Isn't Cross of Iron the rerelease of CC3, or is another game altogether
"WHAT'S NEW, WHAT'S BEEN TWEAKED, AND WHAT YOU'LL GET FOR YOUR MONEY
Close Combat - Cross of Iron isn't a cheap game, nor is it an entirely new and major evolutionary advancement from its predecessors. (This is where all you veteran players can rejoin us; I hope I've explained the basic game and touted its virtues enough for the new-comers to learn what all the excitement is about). At the start of this critique, though, I did assure veteran players that it's worth their time and money, so now it's time to tell them why. Here's a bulleted list of the salient attractions:
Close Combat - Cross of Iron comes with all the Battles, Operations, and Campaigns found in Close Combat III, plus battles, ops and campaigns built around 26 new maps and six modified carry-over maps. The new scenarios are set during the period 1943-1944, which means they generally present the German player with a somewhat greater degree of challenge than the battles that occurred during the first years of "Barbarossa". "Major" victories are often not easily won; "Decisive" victories come only to the commander who's mastered the art of playing and knows how to handle his assets with considerable finesse. Jawohl, the tide now runneth against the Wehrmacht, but that only means that victories wrested from difficult situations will bring you more glory! Overall, I found the new battles extremely fulfilling.
All compatibility issues (at least all that have been encountered so far…with Windows XP, it is rash to make predictions); virtually no lock-ups or crashes have been reported and I experienced no anomalies whatever in the fifty or so games I've played thus far;
Team, Unit, Weapon, and Terrain features have received a multitude of graphic enhancements, some obvious, most fairly subtle; but in the aggregate…a lot of good work has been done. Don't get me wrong: this game does show its age, especially in the chunkiness of the close-up Spyglass views, but at the normal viewing level the artwork still pulls the plow - I'm not sure what sort of refinements could or should be made at that scale, unless some programming whiz figures out how to implement a 3D mode, and I personally think that would be about as useful, in this particular game, as tits on a banjo.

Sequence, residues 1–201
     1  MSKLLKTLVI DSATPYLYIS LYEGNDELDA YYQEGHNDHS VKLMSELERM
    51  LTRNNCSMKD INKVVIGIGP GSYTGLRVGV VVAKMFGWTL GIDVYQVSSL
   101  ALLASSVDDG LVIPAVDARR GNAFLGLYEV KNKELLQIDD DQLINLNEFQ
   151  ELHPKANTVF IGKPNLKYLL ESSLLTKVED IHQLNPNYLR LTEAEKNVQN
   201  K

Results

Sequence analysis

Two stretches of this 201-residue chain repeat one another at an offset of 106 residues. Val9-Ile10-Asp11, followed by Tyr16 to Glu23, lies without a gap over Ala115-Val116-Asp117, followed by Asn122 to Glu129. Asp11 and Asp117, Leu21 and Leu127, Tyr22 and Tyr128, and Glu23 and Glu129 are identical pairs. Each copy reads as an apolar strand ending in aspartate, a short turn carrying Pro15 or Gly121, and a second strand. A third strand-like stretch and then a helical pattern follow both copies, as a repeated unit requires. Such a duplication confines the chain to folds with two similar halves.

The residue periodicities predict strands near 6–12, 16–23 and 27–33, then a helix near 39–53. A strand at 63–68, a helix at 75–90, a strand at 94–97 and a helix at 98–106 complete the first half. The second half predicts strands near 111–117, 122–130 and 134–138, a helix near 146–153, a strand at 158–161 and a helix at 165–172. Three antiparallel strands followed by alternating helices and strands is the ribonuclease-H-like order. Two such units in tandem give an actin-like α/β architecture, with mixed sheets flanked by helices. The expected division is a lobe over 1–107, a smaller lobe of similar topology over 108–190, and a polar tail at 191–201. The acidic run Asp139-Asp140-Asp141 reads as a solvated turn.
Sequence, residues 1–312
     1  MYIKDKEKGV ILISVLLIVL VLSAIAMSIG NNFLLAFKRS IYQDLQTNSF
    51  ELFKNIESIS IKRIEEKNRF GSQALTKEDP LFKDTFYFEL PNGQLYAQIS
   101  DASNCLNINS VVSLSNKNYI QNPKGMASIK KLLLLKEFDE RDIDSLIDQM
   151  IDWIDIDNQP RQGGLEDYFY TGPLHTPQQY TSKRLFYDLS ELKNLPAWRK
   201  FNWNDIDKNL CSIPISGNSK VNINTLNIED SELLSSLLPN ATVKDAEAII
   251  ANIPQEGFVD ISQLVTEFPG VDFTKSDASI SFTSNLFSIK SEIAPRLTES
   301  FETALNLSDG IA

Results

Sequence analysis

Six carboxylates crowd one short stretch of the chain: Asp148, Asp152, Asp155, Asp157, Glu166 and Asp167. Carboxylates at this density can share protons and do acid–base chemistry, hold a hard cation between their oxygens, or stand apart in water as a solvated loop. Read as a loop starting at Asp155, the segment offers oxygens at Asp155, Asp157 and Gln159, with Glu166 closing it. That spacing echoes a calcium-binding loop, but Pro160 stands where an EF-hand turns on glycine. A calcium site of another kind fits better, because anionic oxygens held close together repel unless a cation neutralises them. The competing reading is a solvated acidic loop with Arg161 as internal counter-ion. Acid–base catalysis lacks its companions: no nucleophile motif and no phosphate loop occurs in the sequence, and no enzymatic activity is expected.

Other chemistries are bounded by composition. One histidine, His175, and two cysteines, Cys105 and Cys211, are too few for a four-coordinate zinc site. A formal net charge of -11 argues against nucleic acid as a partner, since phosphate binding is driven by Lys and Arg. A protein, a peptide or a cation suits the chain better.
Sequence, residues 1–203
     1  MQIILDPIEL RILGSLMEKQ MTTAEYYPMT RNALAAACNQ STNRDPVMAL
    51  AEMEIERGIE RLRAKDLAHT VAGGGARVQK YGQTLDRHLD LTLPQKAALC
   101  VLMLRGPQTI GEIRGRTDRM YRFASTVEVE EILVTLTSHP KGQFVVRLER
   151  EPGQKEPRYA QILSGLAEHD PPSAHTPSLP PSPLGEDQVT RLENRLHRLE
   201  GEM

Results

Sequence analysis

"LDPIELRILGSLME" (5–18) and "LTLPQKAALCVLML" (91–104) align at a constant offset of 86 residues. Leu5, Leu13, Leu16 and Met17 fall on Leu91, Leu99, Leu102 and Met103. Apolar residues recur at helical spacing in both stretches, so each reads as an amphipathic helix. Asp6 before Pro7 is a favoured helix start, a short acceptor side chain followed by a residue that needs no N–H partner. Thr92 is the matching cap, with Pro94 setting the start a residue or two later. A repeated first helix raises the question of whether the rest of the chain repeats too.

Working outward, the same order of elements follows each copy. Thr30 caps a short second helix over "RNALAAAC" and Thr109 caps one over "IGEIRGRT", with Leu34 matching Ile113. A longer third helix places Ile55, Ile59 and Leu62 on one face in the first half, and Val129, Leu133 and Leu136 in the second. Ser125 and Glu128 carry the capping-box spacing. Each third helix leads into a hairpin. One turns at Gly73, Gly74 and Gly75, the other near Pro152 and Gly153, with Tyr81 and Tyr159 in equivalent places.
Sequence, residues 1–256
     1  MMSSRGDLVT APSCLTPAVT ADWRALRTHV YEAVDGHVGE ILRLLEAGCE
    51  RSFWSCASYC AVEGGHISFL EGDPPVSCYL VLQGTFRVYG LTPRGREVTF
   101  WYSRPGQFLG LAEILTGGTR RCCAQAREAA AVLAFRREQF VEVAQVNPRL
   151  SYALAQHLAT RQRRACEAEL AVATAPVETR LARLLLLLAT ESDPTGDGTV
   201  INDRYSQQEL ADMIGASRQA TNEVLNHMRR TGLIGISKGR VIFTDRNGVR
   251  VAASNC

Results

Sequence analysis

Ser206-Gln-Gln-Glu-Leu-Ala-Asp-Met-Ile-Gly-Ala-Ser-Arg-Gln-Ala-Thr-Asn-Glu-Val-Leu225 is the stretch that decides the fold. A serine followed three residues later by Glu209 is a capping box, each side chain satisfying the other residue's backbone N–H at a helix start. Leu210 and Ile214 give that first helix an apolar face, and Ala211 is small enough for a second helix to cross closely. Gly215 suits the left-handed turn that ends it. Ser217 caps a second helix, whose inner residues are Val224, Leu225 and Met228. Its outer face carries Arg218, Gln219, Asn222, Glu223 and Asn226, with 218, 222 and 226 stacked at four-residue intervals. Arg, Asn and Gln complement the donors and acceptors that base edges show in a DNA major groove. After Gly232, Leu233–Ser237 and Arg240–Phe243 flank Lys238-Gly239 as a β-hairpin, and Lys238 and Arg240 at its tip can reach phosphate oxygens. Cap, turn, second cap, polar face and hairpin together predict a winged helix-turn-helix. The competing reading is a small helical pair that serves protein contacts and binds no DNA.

There's a new and decidedly idiosyncratic Grand Campaign entitled Fuger's Ostliche Wut, '43-'44, and I, for one, am hooked on it; it's very dynamic, chock-full of challenging and varied tactical situations, and has a rewarding sense of cumulative momentum. I expect to play this one to the bitter end.
Among the main gripes leveled at Close Combat III was the sometimes overwhelming prevalence of Soviet armor. True, the Red Army burned up tanks at a prodigious rate, and after Kursk the Russian side always enjoyed numerical superiority, sometimes to a grotesque degree; but not always or even very often in battles of this limited scale. That imbalance has been corrected - in fact, all the battles I've fought so far have been very nicely balanced, on the average, although of course the odds may be heavily against you from time to time, in individual encounters (but you wouldn't have it any other way, now, would you, Sergeant Steiner?)
A plethora of new and exceedingly puissant sound effects have been either created or imported from successful mods with woofer-rattling decibel levels (such as Close Combat -IV, Battle of the Bulge). In compensation, you can now slide-adjust the volume level (so you won't get un-nerved when that deranged gut-shot guy starts screaming "The blood! The blood!"
There's a host of other minor tweaks, both technical and game-play-oriented, and all of them were suggested, and driven, by user feedback. Considering that the last commercial edition of Close Combat appeared nine years ago, the loyalty and depth of passion evidenced by the fan-base is quite phenomenal; at last count, there were almost 5,000 custom maps, skins, battle-and-campaign mods posted on-line, many of superlative quality. If you're in the mood for some head-to-head fun, you won't have to wait in line or search very hard for someone compatible to match wits with. These guys are serious students of the military arts, but they're also on-line to have fun, and the incidence of misbehavior is practically nil, due to the fact that the community at large has elected not to tolerate any fan-boy shenanigans. There is, dare I say it, a prevailing sense of honor amongst these digital warriors - one's enemy deserves respect, as long as he has fought hard and to the best extent of his skills; of course, if he's a complete bone-head, you might encounter a slight Prussian sneer in the inter-personal dialogues, but rarely any snot-nosed gloating. "
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